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Can you legally smash a car window if a dog is inside on a hot day?

PUBLISHED: 12:59 19 June 2017 | UPDATED: 18:36 19 June 2017

Sheep dogs  wait in owner's car. Photo: Rui Vieira/PA Wire

Sheep dogs wait in owner's car. Photo: Rui Vieira/PA Wire

This week is set to be the hottest of the year so far, with temperatures soaring to 31C.

While this is cause to celebrate, it’s also cause for concern as the heat can prove fatal to dogs left in cars.

Over the weekend Norfolk Police received several reports of dogs in cars. On Twitter they advised the public to “consider the welfare” of animals and themselves.

They also shared a message from the RSPCA to remind pet owners of the dangers. The post said: “Never leave your dog alone in a car. If it’s 22C outside, inside a car it can get to 47C within 60 minutes.

MORE: Hottest day of year so far recorded for East Anglia - but forecasters warn temperatures will continue to rise

“In hot stuffy vehicles dogs cannot cool themselves down, even with the windows open.

“Heatstroke can be fatal to dogs”

So what can you do if you spot a dog suffering?

• Start by assessing the animal’s condition. Are they displaying any signs of heatstroke such as heavy panting, excessive drooling or vomiting? If they are showing symptoms call 999 immediately.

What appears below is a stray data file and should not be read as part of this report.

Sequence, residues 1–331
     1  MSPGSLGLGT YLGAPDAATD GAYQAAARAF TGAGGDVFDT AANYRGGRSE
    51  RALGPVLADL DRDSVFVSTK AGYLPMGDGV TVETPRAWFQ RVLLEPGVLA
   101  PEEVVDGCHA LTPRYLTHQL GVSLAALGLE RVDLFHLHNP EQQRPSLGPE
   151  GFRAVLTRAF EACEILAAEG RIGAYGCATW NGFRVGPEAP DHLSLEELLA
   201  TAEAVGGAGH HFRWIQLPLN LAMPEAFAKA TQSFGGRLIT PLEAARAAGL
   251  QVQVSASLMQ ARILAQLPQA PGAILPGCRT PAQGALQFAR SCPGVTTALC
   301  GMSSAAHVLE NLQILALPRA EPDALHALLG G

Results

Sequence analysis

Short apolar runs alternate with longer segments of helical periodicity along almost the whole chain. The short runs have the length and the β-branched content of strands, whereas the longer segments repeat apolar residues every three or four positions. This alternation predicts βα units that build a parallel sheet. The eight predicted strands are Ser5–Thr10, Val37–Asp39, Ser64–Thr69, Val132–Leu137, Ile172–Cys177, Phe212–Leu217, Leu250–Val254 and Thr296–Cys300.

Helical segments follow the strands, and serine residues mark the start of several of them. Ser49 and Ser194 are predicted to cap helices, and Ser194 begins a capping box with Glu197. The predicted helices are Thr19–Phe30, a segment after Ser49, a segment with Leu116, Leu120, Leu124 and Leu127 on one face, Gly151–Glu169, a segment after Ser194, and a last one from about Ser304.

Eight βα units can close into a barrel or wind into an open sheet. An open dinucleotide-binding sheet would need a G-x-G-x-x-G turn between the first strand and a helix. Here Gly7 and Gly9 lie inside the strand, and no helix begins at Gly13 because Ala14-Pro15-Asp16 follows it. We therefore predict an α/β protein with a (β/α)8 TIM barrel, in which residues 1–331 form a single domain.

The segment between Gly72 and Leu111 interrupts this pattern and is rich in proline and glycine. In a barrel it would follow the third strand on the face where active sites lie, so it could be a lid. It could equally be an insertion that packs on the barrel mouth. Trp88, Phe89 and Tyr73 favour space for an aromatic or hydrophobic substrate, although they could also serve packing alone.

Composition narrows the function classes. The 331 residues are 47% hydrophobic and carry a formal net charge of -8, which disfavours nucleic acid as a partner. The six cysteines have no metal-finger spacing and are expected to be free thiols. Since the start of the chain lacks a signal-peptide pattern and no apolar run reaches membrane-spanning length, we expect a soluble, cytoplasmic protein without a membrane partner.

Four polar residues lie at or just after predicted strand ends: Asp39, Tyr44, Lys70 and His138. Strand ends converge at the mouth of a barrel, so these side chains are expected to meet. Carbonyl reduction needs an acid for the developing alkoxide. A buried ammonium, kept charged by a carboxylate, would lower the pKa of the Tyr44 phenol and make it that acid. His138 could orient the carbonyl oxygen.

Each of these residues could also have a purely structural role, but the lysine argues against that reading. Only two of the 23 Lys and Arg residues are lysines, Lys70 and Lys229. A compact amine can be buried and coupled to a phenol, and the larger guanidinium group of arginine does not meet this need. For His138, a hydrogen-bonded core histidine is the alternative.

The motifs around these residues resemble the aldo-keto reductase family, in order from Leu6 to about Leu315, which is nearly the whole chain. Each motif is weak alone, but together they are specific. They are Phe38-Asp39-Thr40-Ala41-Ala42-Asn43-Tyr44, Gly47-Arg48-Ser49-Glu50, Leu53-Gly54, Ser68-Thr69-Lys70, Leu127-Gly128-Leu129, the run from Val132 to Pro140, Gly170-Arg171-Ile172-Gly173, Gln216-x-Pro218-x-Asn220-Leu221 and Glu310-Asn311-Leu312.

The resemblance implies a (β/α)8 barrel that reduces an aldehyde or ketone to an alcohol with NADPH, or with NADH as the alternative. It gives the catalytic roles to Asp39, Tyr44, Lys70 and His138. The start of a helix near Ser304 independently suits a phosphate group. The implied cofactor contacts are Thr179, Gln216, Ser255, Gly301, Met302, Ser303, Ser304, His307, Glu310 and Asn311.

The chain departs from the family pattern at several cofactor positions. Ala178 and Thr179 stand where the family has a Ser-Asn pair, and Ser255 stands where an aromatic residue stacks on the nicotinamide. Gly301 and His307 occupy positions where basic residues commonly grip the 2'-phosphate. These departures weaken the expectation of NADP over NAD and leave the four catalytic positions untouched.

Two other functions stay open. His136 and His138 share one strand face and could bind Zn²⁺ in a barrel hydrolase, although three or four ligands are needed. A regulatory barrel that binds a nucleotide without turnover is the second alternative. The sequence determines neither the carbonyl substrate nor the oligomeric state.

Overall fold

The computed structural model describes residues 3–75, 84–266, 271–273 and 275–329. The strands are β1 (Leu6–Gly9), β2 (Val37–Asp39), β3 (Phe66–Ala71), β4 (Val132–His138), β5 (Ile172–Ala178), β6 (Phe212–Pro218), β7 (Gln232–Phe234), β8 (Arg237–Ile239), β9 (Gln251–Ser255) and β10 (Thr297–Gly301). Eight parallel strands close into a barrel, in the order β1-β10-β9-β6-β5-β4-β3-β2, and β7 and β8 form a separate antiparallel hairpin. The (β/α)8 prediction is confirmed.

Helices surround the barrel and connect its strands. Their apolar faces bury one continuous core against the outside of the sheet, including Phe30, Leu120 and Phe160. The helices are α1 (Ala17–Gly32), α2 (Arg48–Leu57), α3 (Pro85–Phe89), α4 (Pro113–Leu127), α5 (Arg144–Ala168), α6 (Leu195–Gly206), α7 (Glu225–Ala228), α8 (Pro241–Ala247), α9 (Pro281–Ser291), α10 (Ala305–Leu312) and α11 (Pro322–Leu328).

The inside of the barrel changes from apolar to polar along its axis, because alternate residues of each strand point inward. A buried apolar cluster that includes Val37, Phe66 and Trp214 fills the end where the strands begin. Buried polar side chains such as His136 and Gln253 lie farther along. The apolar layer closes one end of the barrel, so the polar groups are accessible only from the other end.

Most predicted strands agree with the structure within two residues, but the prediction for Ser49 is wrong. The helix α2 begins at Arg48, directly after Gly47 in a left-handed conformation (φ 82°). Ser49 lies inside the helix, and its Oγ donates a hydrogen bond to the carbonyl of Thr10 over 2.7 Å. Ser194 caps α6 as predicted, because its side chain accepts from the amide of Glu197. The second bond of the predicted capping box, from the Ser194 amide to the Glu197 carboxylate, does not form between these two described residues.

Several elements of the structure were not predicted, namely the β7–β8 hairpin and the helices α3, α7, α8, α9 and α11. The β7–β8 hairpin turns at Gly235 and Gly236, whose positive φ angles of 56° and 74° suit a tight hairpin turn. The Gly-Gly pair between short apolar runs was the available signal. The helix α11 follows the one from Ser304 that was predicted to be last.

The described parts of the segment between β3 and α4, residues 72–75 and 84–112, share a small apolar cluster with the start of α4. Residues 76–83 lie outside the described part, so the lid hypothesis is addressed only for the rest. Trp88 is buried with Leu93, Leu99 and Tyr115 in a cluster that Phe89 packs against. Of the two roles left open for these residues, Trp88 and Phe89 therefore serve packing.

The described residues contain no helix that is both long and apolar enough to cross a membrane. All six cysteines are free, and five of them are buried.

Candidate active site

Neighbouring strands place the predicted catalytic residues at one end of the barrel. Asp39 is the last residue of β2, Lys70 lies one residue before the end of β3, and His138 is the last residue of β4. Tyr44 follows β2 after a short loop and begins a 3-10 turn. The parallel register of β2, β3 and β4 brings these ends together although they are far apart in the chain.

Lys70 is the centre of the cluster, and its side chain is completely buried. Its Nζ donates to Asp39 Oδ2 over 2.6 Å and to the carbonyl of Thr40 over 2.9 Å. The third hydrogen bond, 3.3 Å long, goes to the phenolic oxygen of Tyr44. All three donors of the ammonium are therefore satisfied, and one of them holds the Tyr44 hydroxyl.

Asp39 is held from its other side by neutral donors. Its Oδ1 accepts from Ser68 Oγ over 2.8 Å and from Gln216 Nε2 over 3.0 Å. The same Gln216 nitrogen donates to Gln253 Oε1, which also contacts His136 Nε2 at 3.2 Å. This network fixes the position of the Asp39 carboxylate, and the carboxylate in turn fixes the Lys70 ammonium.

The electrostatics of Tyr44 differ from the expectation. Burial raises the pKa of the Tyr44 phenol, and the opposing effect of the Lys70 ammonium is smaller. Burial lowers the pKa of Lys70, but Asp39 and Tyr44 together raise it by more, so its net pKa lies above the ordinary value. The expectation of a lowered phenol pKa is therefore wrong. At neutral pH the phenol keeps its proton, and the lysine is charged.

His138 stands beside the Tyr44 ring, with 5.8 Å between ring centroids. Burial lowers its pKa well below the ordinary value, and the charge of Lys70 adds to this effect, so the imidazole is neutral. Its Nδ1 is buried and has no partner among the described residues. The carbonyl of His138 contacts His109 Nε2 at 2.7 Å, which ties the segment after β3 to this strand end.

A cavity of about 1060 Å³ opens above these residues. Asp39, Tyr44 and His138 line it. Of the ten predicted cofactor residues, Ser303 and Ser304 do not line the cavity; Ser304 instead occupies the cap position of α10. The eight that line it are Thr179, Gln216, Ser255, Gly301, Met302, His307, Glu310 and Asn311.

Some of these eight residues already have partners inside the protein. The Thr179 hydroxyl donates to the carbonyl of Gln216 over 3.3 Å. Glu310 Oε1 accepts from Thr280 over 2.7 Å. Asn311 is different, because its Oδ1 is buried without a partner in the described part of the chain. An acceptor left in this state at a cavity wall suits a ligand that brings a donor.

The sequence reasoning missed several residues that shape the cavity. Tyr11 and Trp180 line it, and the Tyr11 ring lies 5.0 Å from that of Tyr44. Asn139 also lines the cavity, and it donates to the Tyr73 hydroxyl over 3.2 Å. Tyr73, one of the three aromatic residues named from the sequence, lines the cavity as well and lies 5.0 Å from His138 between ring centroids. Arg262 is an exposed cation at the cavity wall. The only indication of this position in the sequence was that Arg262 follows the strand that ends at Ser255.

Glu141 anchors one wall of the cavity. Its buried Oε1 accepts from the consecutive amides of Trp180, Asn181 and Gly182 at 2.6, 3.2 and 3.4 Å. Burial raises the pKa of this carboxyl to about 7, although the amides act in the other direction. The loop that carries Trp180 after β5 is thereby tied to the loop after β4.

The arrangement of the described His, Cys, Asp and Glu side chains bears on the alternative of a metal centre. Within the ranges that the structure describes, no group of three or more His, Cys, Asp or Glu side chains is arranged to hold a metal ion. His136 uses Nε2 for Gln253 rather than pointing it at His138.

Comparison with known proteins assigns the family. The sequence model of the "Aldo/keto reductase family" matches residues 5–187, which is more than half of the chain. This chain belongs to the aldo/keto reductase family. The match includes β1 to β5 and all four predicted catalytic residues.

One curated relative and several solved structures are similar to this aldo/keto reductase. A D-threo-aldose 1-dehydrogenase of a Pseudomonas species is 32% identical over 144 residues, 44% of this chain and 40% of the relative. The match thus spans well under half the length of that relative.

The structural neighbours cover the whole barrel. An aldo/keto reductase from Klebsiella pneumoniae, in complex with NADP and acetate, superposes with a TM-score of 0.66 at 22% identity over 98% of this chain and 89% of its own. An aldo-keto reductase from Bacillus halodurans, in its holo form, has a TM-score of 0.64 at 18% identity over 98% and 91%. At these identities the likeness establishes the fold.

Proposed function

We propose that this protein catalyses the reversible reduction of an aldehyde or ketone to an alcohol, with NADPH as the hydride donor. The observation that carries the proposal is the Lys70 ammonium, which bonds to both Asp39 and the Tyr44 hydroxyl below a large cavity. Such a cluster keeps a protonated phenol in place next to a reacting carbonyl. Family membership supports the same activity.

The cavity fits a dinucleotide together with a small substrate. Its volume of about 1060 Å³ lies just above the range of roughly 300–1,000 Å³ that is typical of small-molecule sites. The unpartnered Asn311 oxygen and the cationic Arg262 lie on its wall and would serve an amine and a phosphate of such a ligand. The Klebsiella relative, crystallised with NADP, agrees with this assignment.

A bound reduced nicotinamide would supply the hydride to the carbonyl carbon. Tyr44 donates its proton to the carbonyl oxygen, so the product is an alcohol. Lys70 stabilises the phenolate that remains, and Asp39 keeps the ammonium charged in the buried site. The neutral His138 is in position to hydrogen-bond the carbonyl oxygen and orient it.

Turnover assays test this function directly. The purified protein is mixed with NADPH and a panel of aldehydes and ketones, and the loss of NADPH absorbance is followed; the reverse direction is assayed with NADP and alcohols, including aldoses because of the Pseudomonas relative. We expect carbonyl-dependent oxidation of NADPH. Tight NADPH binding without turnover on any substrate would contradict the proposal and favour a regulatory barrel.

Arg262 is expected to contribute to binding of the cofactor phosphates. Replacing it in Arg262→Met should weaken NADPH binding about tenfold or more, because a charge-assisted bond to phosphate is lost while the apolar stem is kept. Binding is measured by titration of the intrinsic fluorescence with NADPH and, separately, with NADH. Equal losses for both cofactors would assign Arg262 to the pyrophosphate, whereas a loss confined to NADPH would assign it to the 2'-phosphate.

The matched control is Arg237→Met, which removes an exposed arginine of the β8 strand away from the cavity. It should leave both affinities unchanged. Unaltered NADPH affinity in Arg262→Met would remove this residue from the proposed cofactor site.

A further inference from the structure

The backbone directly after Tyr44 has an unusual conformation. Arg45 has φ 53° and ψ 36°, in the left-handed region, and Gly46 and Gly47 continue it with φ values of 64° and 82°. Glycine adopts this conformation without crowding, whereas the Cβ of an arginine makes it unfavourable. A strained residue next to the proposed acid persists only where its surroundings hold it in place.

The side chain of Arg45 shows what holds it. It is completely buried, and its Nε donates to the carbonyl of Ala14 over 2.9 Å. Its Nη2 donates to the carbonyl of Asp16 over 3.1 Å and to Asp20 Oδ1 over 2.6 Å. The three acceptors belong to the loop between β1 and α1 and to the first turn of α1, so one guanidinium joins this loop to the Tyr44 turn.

MORE: Police called to Dereham car park amid concerns for a dog left in a motorhome on hottest day of the year

• If the police are too far away you may consider taking action to free the dog. In this instance you must make sure the police are aware of your intentions and understand that you may have to defend your actions in court. Because of this you should obtain images or record footage of the dog in distress and collect the names and phone numbers of any witnesses in the area.

What does the law say?

The Criminal Damage Act of 1971 states that a person has a lawful excuse to commit damage if “at the time of the act or acts alleged to constitute the offence he believed that the person or persons whom he believed to be entitled to consent to the destruction of or damage to the property in question had so consented, or would have so consented to it if he or they had known of the destruction or damage and its circumstances.”

• For more information contact the RSPCA on 0300 1234 999.

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